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What’s up, forex buddies? Are y’all lookin’ for a potential market mover for the pound?

If so, you’re in luck since the U.K. Office for National Statistics (ONS) is scheduled to release its retail sales report for September this Thursday at around 9:30 pm GMT, so make sure to mark your forex calendars for that event, alright?

What is this report all about?

For the newbie forex traders who are just tuning in, the ONS releases a monthly report which details the current level of retail sales with regard to sales quantity or volume, as well as the total sales value.

Retail sales readings are important to forex traders because they are the primary indicators for the level of consumer spending in an economy.

And gauging the strength of consumer spending is of vital importance to both forex traders and policymakers because consumer spending is one of the main drivers of both inflation and economic growth.

What happened last time?

The retail sales report for August was a bit mixed since the headline reading came in as expected at +0.2%, which is good since it is an improvement over the previous reading, even though the previous reading was downgraded from +0.1% to flat at 0.0%.

The year-on-year reading, meanwhile, was a disappointment since it came in at +3.7%, which is lower than the expected +3.8% and the previous reading’s +4.1%.

Still, if you read my previous Forex Trading Guide, you probably weren’t too surprised by the actual readings since I mentioned that leading indicators were pointing to a potential monthly increase while the British Retail Consortium’s (BRC) retail sales monitor was pointing to a possible decrease on an annualized basis.

What’s expected this time?

For the upcoming September retail sales report, the general consensus among forex traders and market analysts is that the headline reading will be posting an improvement at +0.3% or +0.4%. The annualized reading, meanwhile, is also expected to advance by around 4.8%.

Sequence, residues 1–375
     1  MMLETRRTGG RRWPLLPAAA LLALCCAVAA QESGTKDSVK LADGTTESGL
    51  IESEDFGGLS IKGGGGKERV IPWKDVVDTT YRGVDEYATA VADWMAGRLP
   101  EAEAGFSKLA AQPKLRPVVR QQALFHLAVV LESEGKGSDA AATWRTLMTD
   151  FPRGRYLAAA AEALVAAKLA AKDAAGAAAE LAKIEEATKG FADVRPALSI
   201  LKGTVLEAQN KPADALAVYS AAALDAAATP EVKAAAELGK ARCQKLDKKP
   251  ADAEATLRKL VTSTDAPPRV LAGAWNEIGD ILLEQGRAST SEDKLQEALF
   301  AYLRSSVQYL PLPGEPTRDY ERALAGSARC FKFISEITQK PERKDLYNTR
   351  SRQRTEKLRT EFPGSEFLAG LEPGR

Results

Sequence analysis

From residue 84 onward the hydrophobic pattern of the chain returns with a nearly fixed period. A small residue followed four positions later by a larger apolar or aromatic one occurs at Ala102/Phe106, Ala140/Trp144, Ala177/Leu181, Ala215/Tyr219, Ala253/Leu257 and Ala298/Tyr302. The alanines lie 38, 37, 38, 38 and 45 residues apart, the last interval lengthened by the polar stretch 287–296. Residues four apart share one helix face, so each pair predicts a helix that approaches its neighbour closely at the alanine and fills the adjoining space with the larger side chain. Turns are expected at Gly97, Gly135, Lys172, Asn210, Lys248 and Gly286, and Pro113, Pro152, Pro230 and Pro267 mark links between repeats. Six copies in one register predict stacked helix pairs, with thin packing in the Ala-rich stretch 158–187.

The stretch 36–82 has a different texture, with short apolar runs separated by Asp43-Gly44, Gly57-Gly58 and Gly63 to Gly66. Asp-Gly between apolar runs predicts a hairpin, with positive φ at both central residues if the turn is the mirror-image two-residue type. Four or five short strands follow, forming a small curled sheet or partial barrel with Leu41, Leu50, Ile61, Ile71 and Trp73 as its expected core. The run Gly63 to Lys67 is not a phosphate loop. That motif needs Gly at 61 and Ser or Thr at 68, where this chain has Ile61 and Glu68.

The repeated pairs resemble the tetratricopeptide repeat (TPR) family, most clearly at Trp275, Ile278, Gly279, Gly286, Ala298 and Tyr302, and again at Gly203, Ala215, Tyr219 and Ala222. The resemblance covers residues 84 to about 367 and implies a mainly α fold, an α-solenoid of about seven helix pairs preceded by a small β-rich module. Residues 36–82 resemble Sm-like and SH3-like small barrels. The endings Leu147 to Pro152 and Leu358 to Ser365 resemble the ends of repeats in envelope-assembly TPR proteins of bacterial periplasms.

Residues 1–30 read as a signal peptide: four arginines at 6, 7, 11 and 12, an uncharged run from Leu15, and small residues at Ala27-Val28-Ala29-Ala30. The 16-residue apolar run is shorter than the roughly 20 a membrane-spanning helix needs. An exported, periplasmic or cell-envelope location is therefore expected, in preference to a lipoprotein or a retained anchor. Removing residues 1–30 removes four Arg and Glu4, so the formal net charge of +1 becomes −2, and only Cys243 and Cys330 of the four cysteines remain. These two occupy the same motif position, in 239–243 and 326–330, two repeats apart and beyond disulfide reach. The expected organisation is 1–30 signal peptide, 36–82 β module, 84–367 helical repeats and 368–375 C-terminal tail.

I’m not very confident that we’ll be seeing a lot of improvement, though, since the GFK consumer sentiment survey for September dropped to 3.0 points (7.0 previous), which is still in optimistic territory, but just barely.

Most indices saw some slight decreases, with the “major purchase” index dropping by three points to 14.0.

The “savings” index, meanwhile, actually saw a single point increase to 3.0, so it seems that Britons are spending less and saving more for the month of September.

The retail price index (RPI) for September also grew at a much slower rate (0.8% actual v.s. 1.0% expected, 1.1% previous), which could mean lower levels of demand, although it’s also possible that companies were passing on the lower costs to consumers, courtesy of the strong pound making imports relatively cheap.

Finally, the BRC’s retail sales monitor for September is also a bit disheartening since it printed a 1.9% decline for the month of September (-1.4% previous).

How might the pound react?

As I mentioned earlier, August’s report was a bit mixed, and the headline monthly reading came in as expected, so there was no explosive knee-jerk reaction to the event.

However, forex traders probably noted that the recent monthly reading was better than the previous one, and even though the yearly reading showed a slight slowdown, it still marked the 29th consecutive month of year-on-year growth, which is probably the reason why there was some follow-through buying across most pound pairs.

GBP/USD 15-minute Forex Chart (Sept. 17, 2015)
GBP/USD 15-minute Forex Chart (Sept. 17, 2015)

Of course, this was before the pound got hammered by, among other things, the revelation that the U.K. had the largest August deficit since 2012, which made forex traders (especially the interest rate junkies) doubt the timing of a Q1 2015 rate hike.

Anyhow, for the upcoming report, just remember that the pound usually has a knee-jerk reaction to the report relative to expectations, so a better-than-expected reading usually sparks a rally while a worse-than-expected reading usually triggers a sell-off.

Also, remember to take note of the previous reading since medium to longer-term forex traders usually form their trading bias based on whether or not the current reading is better than the previous one.